WMR180 Weather Station Data Format

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Warning The following information is neither authoritative nor based on an official specification. No guarantee is given as to its accuracy.

Overview

This page describes the format of messages used with the Oregon Scientific WMR180 Professional Weather Station interface protocol. In terms of interface, the WMR180 appears to be compatible with the WMR100 (and probably also the WMR88).

Data is sent to/from the weather station via a USB interface that links wirelessly to the WMR180 base station. The USB interface appears to the operating system as an HID (Human Interface Device, normally something like a joystick).

Although there is little original work in the following, it is provided because specific information about the WMR180 is currently scarce. It aims to present in a readable way the results found by other people for the WMR100 weather station. Sources of the information here were:

Although not used in this work, the following is also relevant:

Values

In the frame descriptions that follow, numeric values are in hexadecimal. '?' denotes a value with an unknown purpose. A whole byte is given a symbolic name like B1, with bit 7 as the most significant and bit 0 as the least significant. The quartets in a byte are given symbolic names like Q1Q2, with Q1 as bits 7-4 and Q2 as bits 3-0. Pairs of bits in a byte are given symbolic names like ABCD, with A as bits 7-6, B as bits 5-4, C as bits 4-3, and D as bits 1-0.

Measurements are reported in the following units, irrespective of the actual console display units.

Battery Level
0 OK, non-0 low
Direction
0 N, 1 NNE, ..., 14 NW, 15 NNW (wind)
Pressure
mb (absolute, relative)
Rainfall
mm (rainfall), mm/h (rainfall rate)
Relative Humidity
%
Sensor Index
0 indoor, 1 outdoor, else other sensor
Sign
0 positive, non-0 negative (dewpoint, temperature, wind chill)
Trend
0 steady, 1 rising, 2 falling (humidity, temperature)
Temperature
Celsius (dewpoint, heat index?, regular, wind chill)
UV Index
0-2 (Low), 3-5 (Medium), 6-7 (High), etc.
Weather
0 partly cloudy, 1 rainy, 2 cloudy, 3 sunny, 4 ?, 5 snowy (forecast, previously)
Wind Speed
m/s

Commands

USB data is sent in blocks that have a command code byte and relevant parameters, padded out to 8 bytes. Depending on the USB interface software, this may be preceded by a report code byte (normally zero). Relevant commands are as follows. If no sensor data is received for some minutes, the following pair of commands should be reissued to keep sensor data flowing from the weather station.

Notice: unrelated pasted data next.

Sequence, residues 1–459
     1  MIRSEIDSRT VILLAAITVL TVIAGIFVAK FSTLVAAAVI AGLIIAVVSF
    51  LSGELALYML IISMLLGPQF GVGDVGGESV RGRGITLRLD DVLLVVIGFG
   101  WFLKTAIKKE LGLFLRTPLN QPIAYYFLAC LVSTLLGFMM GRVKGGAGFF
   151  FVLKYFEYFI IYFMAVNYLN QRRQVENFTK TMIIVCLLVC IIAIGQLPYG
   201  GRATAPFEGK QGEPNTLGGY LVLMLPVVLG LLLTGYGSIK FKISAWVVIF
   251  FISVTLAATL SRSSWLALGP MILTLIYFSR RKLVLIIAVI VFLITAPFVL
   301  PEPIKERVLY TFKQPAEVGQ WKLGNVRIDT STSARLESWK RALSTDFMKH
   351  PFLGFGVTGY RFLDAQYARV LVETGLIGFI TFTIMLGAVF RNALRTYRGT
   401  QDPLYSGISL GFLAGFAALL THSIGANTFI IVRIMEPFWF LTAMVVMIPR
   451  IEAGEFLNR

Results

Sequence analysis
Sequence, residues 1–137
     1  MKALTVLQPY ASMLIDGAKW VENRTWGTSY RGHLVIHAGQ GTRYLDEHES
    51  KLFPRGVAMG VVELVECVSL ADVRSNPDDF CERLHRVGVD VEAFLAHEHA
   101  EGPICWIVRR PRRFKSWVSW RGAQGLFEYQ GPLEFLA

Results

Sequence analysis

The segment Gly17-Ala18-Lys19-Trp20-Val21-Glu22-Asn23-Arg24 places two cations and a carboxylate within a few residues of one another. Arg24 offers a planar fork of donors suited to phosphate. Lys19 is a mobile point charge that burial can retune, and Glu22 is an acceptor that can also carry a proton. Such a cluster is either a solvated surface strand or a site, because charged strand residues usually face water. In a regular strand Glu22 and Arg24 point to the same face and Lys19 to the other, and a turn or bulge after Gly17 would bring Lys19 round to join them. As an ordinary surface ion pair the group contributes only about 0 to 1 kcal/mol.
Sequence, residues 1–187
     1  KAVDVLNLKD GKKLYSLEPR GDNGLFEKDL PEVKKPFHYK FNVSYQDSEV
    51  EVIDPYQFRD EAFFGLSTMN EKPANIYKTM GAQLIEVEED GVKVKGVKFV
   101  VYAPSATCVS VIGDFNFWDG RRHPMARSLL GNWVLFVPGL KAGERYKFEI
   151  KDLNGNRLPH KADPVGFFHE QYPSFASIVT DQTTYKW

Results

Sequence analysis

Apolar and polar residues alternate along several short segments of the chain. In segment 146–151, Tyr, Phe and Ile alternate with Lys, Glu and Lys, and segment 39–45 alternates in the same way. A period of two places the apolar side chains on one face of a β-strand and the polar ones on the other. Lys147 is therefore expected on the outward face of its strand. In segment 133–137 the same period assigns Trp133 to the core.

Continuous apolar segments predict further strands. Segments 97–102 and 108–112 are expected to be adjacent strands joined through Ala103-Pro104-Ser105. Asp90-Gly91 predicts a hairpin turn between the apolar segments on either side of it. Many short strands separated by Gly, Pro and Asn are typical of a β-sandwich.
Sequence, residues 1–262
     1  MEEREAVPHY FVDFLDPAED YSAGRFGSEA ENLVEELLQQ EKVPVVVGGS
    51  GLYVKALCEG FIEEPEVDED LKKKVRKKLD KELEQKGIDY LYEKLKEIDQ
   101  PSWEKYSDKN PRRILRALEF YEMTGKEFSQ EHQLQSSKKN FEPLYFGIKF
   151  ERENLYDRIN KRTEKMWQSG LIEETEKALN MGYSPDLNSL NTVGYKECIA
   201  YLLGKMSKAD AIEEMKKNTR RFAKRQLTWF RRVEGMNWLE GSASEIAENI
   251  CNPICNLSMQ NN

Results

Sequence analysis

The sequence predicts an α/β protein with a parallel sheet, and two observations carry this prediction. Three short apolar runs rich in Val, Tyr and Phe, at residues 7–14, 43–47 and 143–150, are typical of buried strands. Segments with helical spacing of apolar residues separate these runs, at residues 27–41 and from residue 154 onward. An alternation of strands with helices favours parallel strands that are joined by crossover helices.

Initialise Request
20 00 08 01
initialise the weather station
Data Request
01 D0 08 01
request the weather station to send live data as it becomes available

Responses

USB data is received in blocks that have a byte count and relevant data, padded out to 8 bytes. Depending on the USB interface software, this may be preceded by a report code byte (normally zero). The byte count indicates how many of the following bytes should be used as data (e.g. a count of 2 means that only the following 2 bytes should be used). Input data from the weather station arrives in bursts roughly every minute, using data it has previously accumulated.

The data from these USB blocks needs to be concatenated into one input stream. Input frames are extracted from this stream. The frame structure is as follows, the length being implied by the response code:

FD FD ST RC D1 ... C1 C2
FD (frame delimiter)
FF
Two of these delimiters start each frame.
ST (status)
00-FF
Identifies the battery level, for example.
RC (response code)
00-FF
Identifies the type of sensor.
D1 ... (data)
00-FF
Sensor data.
C1 C2 (checksum bytes)
Add all frame bytes as unsigned integers, excluding the delimiter and checksum bytes. For a valid frame, this sum must equal C1+256*C2. Since this is quite a weak checkum, it is also advisable to check that a frame has the length implied the response code.

The actual frame data depends on the type of sensor. The frames and lengths below exclude the frame delimiter and checksum bytes. The parameters shown are most, but not all, of those found by others.

Anemometer (9 bytes)
B??? 48 ??D1 ?? G1 A1G2 A2 C1 CSC2
Battery Level B, Wind Direction D1, Wind Speed Gust (G1+256*G2)/10, Wind Speed Average (A1+16*A2)/10, Wind Chill C1+256*C2 with sign given by CS
Barometer (6 bytes)
?? 46 ??A1 FCA2 R1 PRR2
Absolute Pressure A1+256*A2, Relative Pressure R1+256*R2, Weather Forecast FC, Weather Previously PR
Clock (10 bytes)
?? 60 ?? ?? MN HR DY MO YR ??
Time HR:MN, Date DY/MO/YR
Rain Gauge (15 bytes)
B??? 60 R1 R2 H1 H2 D1 D2 C1 C2 MN HR DY MO YR
Battery Level B, Rainfall Rate R1+256*R2, Rainfall Recently (cleared at half past the hour) H1+256*H2, Rainfall for Past Day (i.e. 24 hours) D1+256*D2, Rainfall since Last Clear C1+256*C2, Time of Last Clear HR:MN, Date of Last Clear DY/MO/YR
Thermo-Hygrometer (10 bytes)
BT?? 42 ?HSS T1 TST2 HM D1 DSD2 I1 ?VI2
Battery Level B, Temperature Trend T, Relative Humidity Trend H, Temperature (T1+256*T2)/10 with sign given by TS, Relative Humidity HM, Dewpoint (D1+256*D2)/10) with sign given by DS, Heat Index (I1+256*I2)/10 with validity given by V (bit 5 as 0 valid, 1 invalid)
UV (4 bytes)
B??? 47 ?? UV
Battery B, UV Index UV

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Last Update: 18th February 2013
URL: http://www.cs.stir.ac.uk/~kjt/software/comms/wmr180.html